The festivity of the Lord of Miracles (Señor de los Milagros) takes place in Lima during October each year and it is the most important religious festivity in Peru and has a loyal and largest crowd of persons despite the social level. The crowd has only one interest in common and it if their belief in the Dark Christ (Cristo Moreno)
The following information was taken from the book Peru : Customs and Festivities (Backus & Johnston Brewery Union)
“ There are several stories about the image but the most accepted theory about it origins dates year 1650 when several slaves that were brought from Angola were part of a religious brotherhood called “cofradias” (guilds). It is been said that one of the slaves painted an image of a crucified Christ on a wall of the room they used to lived and held meetings.
In a book called Pachacamac and the Lord of Miracles, written by Maria Rostorowsky, she explains a new thesis of the origin of the term Pachacamilla (referring to an area that dissapeared from Lima and that was close to the hermitage of The Lord of the Miracles…
It was belived that over a century ago. When natives of Pachacamac were sent to Lima by Hernan Gonzales, their encomendero (grocer), in the room they had lioved they had painted an image that was venerated by the black slaves that came of Angola and their descendants.”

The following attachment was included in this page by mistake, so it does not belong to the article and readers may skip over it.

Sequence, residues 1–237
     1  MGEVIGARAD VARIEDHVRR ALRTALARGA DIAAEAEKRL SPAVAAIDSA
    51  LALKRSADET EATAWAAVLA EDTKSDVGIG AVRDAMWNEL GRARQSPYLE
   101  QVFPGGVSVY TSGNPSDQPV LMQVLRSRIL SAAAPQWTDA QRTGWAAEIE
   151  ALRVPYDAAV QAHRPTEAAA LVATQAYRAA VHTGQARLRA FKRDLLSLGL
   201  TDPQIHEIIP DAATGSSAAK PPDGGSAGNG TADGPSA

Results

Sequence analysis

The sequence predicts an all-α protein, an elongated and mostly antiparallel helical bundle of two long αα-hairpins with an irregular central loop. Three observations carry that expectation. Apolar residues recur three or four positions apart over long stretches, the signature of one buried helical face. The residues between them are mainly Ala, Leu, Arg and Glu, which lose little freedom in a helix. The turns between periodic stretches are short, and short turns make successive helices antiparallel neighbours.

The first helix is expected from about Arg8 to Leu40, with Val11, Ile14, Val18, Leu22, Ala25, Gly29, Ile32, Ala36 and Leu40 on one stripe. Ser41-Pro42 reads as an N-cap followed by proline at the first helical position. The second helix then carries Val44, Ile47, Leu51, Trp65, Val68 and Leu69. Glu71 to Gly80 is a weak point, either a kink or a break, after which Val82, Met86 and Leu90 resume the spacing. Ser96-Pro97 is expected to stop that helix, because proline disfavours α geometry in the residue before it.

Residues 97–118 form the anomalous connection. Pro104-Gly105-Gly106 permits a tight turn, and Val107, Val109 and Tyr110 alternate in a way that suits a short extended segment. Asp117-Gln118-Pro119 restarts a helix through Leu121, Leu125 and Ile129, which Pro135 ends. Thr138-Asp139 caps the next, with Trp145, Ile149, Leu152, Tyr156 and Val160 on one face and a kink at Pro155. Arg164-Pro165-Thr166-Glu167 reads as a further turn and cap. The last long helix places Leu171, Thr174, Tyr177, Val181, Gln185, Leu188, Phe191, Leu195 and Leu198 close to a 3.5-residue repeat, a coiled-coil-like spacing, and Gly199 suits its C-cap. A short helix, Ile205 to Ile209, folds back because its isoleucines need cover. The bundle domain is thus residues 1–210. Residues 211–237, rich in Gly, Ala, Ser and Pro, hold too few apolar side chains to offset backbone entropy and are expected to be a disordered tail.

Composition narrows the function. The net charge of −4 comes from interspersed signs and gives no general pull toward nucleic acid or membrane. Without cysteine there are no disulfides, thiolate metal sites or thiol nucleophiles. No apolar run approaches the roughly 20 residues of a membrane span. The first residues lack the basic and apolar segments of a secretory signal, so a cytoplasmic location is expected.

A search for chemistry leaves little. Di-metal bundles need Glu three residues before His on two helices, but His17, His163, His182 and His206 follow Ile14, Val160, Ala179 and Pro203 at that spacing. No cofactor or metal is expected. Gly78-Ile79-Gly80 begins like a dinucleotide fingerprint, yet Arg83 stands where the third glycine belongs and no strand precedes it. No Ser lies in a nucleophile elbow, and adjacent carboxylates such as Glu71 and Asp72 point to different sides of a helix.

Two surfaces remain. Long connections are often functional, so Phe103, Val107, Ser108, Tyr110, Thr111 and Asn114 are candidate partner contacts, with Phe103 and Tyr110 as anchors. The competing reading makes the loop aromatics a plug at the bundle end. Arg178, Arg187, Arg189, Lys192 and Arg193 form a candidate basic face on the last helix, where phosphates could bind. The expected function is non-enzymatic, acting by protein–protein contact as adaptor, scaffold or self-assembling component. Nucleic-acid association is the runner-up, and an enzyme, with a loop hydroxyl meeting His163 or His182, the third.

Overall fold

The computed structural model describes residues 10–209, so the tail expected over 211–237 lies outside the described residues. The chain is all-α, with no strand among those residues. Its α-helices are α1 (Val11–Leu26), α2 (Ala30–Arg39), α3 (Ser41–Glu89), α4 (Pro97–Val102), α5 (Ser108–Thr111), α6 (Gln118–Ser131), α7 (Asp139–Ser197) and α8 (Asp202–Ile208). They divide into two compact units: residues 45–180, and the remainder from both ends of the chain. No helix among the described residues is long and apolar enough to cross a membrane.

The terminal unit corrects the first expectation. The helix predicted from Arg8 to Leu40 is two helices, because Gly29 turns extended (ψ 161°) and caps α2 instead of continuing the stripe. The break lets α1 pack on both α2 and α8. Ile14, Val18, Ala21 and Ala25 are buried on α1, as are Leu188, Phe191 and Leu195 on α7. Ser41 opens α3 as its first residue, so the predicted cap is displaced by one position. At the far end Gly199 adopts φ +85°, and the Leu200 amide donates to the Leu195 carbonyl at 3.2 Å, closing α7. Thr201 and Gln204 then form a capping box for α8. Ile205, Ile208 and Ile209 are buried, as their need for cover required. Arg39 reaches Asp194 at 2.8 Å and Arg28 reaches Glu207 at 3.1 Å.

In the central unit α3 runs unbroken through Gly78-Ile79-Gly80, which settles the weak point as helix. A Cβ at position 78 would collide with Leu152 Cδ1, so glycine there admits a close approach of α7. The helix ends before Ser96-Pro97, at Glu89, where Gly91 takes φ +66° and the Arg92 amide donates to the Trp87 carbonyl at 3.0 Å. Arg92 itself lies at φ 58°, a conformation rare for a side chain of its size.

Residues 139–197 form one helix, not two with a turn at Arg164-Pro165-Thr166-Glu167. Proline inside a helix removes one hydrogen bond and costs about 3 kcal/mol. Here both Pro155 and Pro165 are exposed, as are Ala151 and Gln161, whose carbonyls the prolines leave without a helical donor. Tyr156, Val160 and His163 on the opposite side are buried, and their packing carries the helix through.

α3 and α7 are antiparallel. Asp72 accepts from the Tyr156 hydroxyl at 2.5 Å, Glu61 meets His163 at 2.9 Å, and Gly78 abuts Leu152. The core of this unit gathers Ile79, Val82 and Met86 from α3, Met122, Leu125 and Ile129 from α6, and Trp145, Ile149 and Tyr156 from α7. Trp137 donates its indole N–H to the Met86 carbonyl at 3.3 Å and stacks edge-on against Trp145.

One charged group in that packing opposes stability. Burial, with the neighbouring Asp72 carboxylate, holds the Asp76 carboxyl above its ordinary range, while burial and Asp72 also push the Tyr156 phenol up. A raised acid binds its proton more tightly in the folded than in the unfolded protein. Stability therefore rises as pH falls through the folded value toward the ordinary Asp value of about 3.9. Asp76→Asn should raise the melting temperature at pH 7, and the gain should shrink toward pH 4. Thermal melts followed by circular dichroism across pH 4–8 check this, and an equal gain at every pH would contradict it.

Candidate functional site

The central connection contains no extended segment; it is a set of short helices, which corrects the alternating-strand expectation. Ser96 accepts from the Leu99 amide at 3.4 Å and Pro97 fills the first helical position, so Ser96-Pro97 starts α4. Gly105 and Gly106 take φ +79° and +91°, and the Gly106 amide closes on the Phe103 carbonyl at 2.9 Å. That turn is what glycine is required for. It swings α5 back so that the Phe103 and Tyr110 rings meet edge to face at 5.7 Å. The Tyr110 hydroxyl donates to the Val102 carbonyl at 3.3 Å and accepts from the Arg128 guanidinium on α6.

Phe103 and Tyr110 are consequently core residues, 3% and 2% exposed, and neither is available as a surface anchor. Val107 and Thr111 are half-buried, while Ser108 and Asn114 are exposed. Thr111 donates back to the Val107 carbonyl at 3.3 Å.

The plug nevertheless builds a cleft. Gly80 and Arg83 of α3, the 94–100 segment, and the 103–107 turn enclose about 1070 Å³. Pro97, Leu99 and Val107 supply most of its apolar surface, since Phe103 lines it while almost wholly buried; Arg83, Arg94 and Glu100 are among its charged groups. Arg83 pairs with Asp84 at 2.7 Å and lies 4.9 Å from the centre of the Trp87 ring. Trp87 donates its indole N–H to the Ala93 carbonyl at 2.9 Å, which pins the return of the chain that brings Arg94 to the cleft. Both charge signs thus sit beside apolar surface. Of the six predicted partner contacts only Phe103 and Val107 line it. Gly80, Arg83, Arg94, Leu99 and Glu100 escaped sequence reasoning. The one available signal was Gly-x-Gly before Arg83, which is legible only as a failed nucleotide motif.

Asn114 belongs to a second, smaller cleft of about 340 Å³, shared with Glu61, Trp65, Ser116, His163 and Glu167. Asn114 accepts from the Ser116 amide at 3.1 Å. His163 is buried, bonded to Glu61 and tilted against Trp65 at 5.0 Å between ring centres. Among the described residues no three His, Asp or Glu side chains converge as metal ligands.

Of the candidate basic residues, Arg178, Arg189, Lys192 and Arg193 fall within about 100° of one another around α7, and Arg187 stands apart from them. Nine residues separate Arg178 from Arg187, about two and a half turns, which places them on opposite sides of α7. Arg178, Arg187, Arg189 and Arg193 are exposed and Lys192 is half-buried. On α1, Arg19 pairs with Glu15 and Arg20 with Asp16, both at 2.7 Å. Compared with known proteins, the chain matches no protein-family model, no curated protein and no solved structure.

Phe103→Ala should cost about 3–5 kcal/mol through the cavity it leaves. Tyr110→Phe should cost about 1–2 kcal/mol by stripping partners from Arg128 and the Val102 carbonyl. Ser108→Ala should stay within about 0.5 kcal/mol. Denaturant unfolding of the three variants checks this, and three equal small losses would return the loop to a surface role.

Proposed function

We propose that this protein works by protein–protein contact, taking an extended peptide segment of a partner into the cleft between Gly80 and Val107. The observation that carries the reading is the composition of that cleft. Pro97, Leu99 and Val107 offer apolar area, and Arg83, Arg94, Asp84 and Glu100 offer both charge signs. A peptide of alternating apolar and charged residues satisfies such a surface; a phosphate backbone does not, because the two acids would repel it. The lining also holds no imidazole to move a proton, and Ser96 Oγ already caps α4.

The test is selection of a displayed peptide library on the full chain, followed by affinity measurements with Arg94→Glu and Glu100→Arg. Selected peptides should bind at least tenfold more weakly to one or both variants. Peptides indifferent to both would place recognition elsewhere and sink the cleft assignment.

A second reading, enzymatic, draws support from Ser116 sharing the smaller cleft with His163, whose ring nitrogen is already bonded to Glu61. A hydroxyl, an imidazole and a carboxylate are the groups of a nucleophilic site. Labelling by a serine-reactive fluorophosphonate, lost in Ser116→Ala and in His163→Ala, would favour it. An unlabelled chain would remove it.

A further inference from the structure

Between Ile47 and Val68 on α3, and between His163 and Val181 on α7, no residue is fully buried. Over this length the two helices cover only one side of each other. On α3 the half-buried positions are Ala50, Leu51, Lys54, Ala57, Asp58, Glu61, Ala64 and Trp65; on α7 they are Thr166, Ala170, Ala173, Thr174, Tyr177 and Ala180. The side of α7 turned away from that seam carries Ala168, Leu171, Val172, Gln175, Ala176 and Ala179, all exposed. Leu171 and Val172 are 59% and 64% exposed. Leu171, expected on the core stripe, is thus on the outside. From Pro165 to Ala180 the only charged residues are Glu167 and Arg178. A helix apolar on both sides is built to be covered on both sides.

“Ismael Portal wrote Lima Religiosa (Religious Lima) and tells us, about the 1655 earthquake that devastated Lima, but that the wall with the image of El Señor de Los Milagros painted by the slaved was miraculously unharmed. A popular cult of the image became popular among slaves.”
“Jorge Bernales who wrote Lima, la Ciudad y sus Monumentos (Lima, the City and its Monuments, Sevilla 1972) mentions that the cult of “The Black Christ” appeared against the wishes and interest of the parish priest of San Marcelo Church. In anger, the priest requested authorization from his superiors to tear the wall down to stop “the profanity” as he called this cult. At this stage nobody knows what happened but this never took place and, to this day, the wall was never touched.
“By mid century XVII, during Peru´s Colonial Period, Viceroy Count of Lemos governed and at the time Lima was just a small town that has city limits marked by the Churches of La Merced, San Marcelo, San Sebastian and Santa Ana. During those days the parish of Las Nazarenas, was actually in the countryside and the names of the streets give us an idea of the past “Pots & Pans”, “Labourer´s Quarters”, “Horse Stables” and “Pampilla” referring to countryside. Later on, it became the shrine of El Señor de Los Milagros.
In 1661, some years after the death of the owner of the land where the church was located, a man called Antonio de Leon, Became intrigued by this image. The wall where the image was painted was about to collapse due a stream of water from behind had eroded its base and weakened its foundations. He had certain repairs made including a trellis for shade and a stone table which was used as an altar. He has a malignant tumor and each time he visited the image of El Señor de Los Milagros he begged to be healed. Miracously one day he was cured.”
Part 1 of 3
To be continued…..